“Through the Open Window” book review

Through the Open Window is a charming novel about a librarian named Lucy who decides to take the challenge and write a 50,000 word novel during November’s “National Novel Writing Month.” She meets Mike, a handsome hobby writer and full-time artist who runs the writing group. Throughout the month, and as her word count increases, we journey with Lucy as she experiences various emotions from disappointment and grief and finally, to love.

First-time novelist Anne Faye creates a delightful world with real and endearing characters. This is a wonderful book for teens and for anyone who enjoys a pure, inspirational romance.

For more information, check out Anne’s blog at: http://annefaye.blogspot.com/

Copyright 2009 Ellen Gable Hrkach

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Seven Little Souls In Heaven

My first published article was a story entitled “Five Little Souls in Heaven,” which appeared in the “Nazareth Journal” in May of 1995. It was the story of my journey through the difficulties and challenges of being open to life and discovering that it didn’t always mean having a baby in my arms. Since that article was written, James and I have welcomed two more sons into our family, but we have also experienced two more pregnancy losses.

The joys and challenges of raising five sons have been well worth the uncertainty, heartache and grief we’ve experienced through the years. All of our children, those who were born and those whose lives ended before birth, were prayed for and loved, right from the moment of conception.

Since it is our job as parents to help guide our children to heaven, it is an immense comfort to know that these seven unique and irreplaceable souls now wait for me there. Although I would have preferred to have them in my arms, I can think of no better way than to be greeted in paradise by Jesus surrounded by these seven precious souls who were conceived in love.

Copyright 2009 Ellen Gable Hrkach

Remembrance Day/Veterans Day 2009

The three fatherly figures in my life served a total of 16 years in various branches of the armed forces. My father (Frank Gable 1928-1978) was in the United States Marine Corps from 1946 to 1950, spending most of that time in post-WW II Europe. He also served in the U.S. Army from 1950 to 1954 and fought in the Korean War. My father-in-law (Tony Hrkach 1925-1995) served in the U.S. Air Force during WW II. He was shot down over Yugoslavia (ironically enough, his father’s birth country), parachuted to safety only to spend many long months in a POW camp. My stepfather, Joe Power, served and fought in the Korean War.

A common thread with each of them is that none were/are comfortable speaking of their wartime experiences.

As a mother of five sons, I can’t imagine the heartache of sending a son or sons off to fight for his country. It is also difficult to fathom saying goodbye to my husband so that he could fight in a war far away.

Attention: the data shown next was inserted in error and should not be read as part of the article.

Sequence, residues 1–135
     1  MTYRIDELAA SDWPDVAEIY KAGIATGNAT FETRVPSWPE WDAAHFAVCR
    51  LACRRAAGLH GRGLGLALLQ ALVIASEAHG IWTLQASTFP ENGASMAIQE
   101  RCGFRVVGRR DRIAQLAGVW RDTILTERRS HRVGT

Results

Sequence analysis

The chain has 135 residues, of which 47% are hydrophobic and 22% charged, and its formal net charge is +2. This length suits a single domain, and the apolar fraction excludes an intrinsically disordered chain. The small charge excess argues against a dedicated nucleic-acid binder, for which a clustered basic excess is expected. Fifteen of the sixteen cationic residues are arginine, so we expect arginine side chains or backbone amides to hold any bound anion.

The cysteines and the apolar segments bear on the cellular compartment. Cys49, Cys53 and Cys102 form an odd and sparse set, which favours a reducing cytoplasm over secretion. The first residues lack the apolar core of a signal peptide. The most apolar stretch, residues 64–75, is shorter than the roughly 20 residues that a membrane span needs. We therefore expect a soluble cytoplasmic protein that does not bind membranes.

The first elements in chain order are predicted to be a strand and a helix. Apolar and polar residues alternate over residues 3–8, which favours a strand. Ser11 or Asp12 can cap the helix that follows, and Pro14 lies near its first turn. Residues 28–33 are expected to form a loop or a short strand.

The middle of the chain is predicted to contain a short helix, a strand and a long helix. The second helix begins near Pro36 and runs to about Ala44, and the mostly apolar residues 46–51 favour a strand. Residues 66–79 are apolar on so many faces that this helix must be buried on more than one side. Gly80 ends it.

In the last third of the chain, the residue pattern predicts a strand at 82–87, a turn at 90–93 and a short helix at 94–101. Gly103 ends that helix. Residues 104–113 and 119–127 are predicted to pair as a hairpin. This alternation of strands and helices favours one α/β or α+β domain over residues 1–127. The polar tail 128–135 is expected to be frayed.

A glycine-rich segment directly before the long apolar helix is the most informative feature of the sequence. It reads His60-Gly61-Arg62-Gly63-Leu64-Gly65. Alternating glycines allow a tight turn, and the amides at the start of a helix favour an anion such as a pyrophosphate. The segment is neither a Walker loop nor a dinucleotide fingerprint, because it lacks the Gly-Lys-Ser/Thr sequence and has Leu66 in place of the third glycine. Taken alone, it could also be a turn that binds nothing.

Which is why I want to remember my fathers in a special way today. I honor Frank Gable, Tony Hrkach, Joe Power and all veterans for so generously serving so that we all might be free.

Copyright 2009 Ellen Gable Hrkach

Why NFP?

Part of the reason I wrote Emily’s Hope (www.fullquiverpublishing.com) was to share my journey of love and loss. The other reason was to share the Church’s teachings on sex and marriage.

My husband and I are teachers of NFP, or Natural Family Planning. NFP is a safe, healthy, effective and morally acceptable method of birth regulation. We have been teaching NFP for 25 years for the Couple to Couple League, who last year required all teachers to complete an extensive re-training program. We teach this method because one of the best ways to promote NFP is to teach it.

Embracing the Church’s teachings in this area was not easy for me. And this particular issue caused our first heated argument when James and I were engaged. Like many Catholics, I wanted the “freedom” to be able to use whatever I wanted in the area of contraception. Since we were living 500 miles apart at the time, James and I debated back and forth for many weeks. In a letter to me, James wrote, “The way I picture it, when we consummate our marriage, it should be you, me and God. That’s all. Why should any contraceptive company and their business plan and their advertising strategy have anything to do with our intimacy? When I think of me using a condom, it means that I’m actually holding back a part of myself. And if you were using a diaphragm or the pill or something, you would be keeping a part of yourself from me. When we give ourselves to each other, it should be a total gift, not a partial one…”

At the time, I remember thinking, “Why is he making such a big deal out of this?” Eventually, it finally dawned on me. It was a big deal. James wasn’t trying to convince me to give in to his sexual appetites. On the contrary. He was trying to help me to understand the truth that artificial contraception separates a couple and is not good for marriage.

NFP is safe, morally acceptable and effective. In 27 years of using NFP, we have never had an unplanned pregnancy. NFP is healthy and allows a couple to understand their bodies and fertility better. It encourages communication between the spouses. NFP is also ecologically friendly and does nothing to harm the environment.

For more information on NFP check out the following websites: (www.ccli.org, www.serena.ca , www.creightonmodel.com/, www.woomb.org/)

Copyright 2009 Ellen Gable Hrkach